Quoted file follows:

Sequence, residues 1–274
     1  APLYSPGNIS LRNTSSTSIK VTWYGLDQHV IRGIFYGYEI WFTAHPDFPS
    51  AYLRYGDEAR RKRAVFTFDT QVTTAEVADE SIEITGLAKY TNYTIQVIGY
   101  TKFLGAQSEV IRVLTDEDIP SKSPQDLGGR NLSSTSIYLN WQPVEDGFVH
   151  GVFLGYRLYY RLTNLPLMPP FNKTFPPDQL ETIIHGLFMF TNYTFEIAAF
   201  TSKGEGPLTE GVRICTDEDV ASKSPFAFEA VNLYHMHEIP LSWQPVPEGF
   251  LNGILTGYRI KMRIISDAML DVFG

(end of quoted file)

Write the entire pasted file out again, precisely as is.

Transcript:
Sequence, residues 1–274
     1  APLYSPGNIS LRNTSSTSIK VTWYGLDQHV IRGIFYGYEI WFTAHPDFPS
    51  AYLRYGDEAR RKRAVFTFDT QVTTAEVADE SIEITGLAKY TNYTIQVIGY
   101  TKFLGAQSEV IRVLTDEDIP SKSPQDLGGR NLSSTSIYLN WQPVEDGFVH
   151  GVFLGYRLYY RLTNLPLMPP FNKTFPPDQL ETIIHGLFMF TNYTFEIAAF
   201  TSKGEGPLTE GVRICTDEDV ASKSPFAFEA VNLYHMHEIP LSWQPVPEGF
   251  LNGILTGYRI KMRIISDAML DVFG